Thanks to a lawsuit filed by PLF, the U.S. Fish and Wildlife Service yesterday issued a proposed rule to remove outdated and counterproductive regulations that hurt golden parakeet conservation efforts by creating unnecessary red tape for U.S. bird breeders.
The federal government classified the golden parakeet (also known as the golden conure or Queen of Bavaria) as endangered in the 1970s. At one time, experts estimated there were only 1,000-2,500 golden parakeets left. Today, experts estimate there are between 10,000-20,000 golden parakeets.
With the newly proposed rule, the federal government has now acknowledged that the golden parakeet’s status has improved, and that it should be reclassified as only “threatened.” One reason for that improved status is that golden parakeets are less likely to be trapped in their native Brazil habitat, because breeders of captive populations have depressed incentives for smugglers by providing legal and affordable options for bird collectors. In other words, private breeders are helping conserve the bird.
Because of the bird’s improved status, the American Federation of Aviculture (AFA), a nonprofit that educates the public and represents the interests of bird owners and breeders, filed a petition to delist the golden parakeet in August 2014. AFA also asked that the government alternatively reclassify it from endangered to threatened and remove counterproductive restrictions on trading captive populations of the bird. Current regulations restrict US breeders’ ability to trade their birds, thus making it difficut to maintain a healthy, genetically diverse population. Without the red tape, breeders would have larger, healthier flocks, which would further help conservation efforts.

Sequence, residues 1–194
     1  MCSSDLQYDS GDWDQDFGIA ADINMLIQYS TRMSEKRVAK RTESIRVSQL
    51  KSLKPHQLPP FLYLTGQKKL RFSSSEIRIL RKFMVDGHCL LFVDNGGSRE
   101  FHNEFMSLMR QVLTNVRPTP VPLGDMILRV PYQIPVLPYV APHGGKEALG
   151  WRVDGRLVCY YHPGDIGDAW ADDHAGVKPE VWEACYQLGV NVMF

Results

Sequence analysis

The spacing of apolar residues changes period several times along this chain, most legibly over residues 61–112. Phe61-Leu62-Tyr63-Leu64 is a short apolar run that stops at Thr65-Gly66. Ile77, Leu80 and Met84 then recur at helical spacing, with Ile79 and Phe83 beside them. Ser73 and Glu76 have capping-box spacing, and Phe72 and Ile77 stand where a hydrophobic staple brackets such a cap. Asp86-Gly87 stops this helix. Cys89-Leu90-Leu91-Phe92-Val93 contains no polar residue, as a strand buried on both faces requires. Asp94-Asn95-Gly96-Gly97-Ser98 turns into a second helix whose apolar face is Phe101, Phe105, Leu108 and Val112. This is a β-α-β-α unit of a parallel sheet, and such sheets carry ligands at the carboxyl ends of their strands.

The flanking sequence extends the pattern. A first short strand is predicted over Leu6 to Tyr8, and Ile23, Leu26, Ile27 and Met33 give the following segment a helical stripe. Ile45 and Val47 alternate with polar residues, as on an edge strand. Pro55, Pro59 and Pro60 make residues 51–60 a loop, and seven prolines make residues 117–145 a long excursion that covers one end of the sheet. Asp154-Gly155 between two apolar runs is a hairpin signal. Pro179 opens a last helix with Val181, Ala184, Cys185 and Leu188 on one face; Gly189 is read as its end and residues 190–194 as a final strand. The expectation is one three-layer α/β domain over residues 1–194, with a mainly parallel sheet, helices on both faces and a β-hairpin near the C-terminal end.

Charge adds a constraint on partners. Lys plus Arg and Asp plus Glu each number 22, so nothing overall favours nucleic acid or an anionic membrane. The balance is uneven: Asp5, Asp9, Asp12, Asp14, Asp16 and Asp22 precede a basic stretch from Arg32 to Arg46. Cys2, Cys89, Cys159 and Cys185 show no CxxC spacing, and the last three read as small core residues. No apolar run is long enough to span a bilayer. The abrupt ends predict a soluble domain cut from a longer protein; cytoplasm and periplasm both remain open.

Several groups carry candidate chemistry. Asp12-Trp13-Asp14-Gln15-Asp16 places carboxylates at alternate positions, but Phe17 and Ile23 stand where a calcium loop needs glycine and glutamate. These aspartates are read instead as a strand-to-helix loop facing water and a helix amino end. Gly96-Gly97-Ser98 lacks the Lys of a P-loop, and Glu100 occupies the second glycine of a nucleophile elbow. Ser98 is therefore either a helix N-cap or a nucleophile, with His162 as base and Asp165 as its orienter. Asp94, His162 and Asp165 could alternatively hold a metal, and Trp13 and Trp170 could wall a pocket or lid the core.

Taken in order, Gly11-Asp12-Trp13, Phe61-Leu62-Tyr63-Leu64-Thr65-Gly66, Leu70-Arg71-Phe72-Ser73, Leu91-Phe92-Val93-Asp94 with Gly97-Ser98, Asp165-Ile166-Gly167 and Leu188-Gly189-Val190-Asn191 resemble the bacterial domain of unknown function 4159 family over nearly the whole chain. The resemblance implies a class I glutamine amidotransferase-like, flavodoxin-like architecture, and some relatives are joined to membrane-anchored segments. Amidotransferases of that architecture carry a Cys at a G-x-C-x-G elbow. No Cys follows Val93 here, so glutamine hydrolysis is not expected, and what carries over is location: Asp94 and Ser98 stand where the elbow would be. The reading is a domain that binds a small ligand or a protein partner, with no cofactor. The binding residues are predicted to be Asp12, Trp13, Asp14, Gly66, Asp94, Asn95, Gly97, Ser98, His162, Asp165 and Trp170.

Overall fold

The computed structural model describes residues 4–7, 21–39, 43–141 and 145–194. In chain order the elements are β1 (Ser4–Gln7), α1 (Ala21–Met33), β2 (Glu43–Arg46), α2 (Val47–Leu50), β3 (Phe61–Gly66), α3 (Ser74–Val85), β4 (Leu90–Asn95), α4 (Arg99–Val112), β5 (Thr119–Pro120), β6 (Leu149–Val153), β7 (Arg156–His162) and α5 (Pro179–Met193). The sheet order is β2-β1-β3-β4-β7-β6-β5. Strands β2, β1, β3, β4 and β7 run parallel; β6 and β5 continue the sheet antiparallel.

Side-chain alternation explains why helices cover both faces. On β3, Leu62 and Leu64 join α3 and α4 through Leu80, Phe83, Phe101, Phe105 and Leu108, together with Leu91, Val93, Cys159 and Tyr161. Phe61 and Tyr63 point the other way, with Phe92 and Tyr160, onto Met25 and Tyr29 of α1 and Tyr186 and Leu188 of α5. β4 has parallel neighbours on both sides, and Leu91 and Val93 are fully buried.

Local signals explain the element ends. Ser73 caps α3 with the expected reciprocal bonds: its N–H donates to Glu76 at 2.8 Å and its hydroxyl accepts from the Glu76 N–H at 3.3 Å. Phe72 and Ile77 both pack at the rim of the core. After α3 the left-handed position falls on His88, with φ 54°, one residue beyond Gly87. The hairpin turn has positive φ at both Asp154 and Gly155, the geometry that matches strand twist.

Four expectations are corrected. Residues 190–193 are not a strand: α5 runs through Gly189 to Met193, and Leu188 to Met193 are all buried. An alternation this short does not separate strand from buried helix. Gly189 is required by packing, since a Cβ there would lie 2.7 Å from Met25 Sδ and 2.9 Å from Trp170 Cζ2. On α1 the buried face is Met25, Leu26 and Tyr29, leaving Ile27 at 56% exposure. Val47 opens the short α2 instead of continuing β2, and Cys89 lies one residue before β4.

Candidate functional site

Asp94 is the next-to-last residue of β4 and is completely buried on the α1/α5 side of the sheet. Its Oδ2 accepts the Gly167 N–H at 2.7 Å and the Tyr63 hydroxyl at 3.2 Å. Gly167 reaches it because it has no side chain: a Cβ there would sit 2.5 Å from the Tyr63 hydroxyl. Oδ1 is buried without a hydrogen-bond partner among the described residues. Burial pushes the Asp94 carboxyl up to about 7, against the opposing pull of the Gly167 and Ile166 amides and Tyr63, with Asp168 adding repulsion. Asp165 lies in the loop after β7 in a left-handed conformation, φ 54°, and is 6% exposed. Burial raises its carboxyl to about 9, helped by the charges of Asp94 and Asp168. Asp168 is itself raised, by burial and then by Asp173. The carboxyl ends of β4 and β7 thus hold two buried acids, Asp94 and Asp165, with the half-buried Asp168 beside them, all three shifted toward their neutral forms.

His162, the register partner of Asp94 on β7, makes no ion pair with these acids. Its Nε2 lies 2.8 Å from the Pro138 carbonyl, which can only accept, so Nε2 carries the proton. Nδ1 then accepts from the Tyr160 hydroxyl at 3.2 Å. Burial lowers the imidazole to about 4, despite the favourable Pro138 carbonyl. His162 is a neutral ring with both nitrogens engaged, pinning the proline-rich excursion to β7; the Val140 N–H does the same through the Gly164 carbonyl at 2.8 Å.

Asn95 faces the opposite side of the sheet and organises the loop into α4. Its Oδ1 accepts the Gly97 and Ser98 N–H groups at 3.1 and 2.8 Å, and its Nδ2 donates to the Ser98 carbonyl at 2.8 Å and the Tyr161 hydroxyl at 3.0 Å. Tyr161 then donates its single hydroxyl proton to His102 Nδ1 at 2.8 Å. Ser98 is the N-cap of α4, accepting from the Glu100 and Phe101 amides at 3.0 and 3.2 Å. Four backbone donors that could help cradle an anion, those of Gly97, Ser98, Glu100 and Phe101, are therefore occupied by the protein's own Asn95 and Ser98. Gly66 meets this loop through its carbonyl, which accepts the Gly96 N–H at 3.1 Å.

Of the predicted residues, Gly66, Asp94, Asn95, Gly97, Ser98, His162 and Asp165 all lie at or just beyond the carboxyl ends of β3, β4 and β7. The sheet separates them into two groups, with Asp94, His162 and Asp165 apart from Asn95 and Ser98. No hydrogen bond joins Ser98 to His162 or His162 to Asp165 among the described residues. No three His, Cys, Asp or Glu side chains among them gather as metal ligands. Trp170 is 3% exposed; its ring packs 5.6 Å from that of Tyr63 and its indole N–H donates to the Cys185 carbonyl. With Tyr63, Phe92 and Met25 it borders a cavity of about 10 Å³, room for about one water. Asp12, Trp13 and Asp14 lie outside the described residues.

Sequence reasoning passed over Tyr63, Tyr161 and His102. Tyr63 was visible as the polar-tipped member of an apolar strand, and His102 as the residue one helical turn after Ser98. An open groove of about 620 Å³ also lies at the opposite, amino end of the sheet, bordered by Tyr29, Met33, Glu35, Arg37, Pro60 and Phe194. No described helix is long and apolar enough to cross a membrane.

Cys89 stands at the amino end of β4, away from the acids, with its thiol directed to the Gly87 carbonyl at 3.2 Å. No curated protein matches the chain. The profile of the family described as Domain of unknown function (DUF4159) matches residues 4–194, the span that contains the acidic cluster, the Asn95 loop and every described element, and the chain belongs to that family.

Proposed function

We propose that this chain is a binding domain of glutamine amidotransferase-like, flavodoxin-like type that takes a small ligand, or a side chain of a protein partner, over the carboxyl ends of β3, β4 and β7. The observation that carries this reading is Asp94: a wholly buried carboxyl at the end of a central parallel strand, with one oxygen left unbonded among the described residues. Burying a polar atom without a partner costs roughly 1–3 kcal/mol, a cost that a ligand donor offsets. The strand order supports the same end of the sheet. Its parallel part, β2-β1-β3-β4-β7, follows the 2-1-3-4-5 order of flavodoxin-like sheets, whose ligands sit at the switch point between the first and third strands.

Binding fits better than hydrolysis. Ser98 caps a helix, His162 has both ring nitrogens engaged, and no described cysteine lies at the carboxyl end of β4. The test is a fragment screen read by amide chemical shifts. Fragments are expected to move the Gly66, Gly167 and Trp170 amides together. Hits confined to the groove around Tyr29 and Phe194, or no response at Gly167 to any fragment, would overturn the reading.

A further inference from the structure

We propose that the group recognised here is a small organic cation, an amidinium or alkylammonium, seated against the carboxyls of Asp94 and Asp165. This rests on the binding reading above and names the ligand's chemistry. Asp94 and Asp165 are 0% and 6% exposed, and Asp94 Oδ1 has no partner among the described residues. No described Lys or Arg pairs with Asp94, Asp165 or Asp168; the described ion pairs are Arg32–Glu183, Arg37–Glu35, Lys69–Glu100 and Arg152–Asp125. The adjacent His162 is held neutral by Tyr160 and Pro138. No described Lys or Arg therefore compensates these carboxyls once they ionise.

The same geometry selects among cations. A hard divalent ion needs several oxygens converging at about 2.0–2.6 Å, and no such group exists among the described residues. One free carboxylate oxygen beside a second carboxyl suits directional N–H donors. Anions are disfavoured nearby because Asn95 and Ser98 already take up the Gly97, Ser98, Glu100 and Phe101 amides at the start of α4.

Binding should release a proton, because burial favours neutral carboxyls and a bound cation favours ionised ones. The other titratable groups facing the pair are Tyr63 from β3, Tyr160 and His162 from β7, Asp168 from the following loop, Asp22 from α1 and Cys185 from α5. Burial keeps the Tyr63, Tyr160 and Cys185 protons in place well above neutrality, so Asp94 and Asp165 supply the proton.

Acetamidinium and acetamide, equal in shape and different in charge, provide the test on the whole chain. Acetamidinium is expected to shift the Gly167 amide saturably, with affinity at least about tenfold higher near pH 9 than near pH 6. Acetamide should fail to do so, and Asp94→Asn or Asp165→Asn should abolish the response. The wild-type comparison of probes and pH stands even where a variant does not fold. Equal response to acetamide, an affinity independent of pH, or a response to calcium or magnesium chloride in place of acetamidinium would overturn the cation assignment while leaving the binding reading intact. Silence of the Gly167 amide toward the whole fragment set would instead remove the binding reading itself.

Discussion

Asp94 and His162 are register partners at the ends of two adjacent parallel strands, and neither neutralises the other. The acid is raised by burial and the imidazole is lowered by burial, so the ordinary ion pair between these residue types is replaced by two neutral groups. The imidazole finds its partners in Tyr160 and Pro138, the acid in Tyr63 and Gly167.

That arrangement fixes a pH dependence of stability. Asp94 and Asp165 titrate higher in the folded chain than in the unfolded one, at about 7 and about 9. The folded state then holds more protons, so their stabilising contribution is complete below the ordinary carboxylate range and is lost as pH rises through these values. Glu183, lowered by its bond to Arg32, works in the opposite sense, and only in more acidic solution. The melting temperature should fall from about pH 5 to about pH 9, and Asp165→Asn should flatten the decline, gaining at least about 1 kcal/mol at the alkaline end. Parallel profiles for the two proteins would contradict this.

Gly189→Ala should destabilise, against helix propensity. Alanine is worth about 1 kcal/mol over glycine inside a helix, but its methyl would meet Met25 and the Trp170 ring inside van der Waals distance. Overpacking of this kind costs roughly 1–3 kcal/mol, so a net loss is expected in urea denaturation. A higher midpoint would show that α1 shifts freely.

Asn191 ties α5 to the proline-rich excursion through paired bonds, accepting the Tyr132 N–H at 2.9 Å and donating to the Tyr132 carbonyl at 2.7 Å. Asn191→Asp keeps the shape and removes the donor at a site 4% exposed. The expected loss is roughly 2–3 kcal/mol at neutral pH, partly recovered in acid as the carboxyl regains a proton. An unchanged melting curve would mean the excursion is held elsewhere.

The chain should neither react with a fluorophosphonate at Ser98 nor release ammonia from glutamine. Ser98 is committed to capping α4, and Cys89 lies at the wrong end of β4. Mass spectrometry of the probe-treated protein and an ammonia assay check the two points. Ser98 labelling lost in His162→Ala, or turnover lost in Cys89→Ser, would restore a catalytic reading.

On April 10, 2015, the U.S. Fish and Wildlife Service issued a tardy acknowledgement that delisting or downlisting and removing these counterproductive regulations might be warranted. That decision triggered a 12-month deadline, which passed two years ago, with no action from the government.
Frustrated by the federal agency’s stalling, AFA asked PLF for help. Last year we sued the U.S. Fish and Wildlife Service and the Department of the Interior to push them to follow the requirements of the Endangered Species Act and conduct a legally required 12-month finding, which we believed would result in a better outcome for the bird and for breeders. The federal government responded by settling the lawsuit and agreeing to complete the 12-month review by September of this year. Yesterday, the government delivered on its promise.
The government’s finding proposes reclassifying the species and removing the counterproductive permit requirements. We will continue to monitor the U.S. Fish and Wildlife Service to make sure it meets its legal requirements going forward.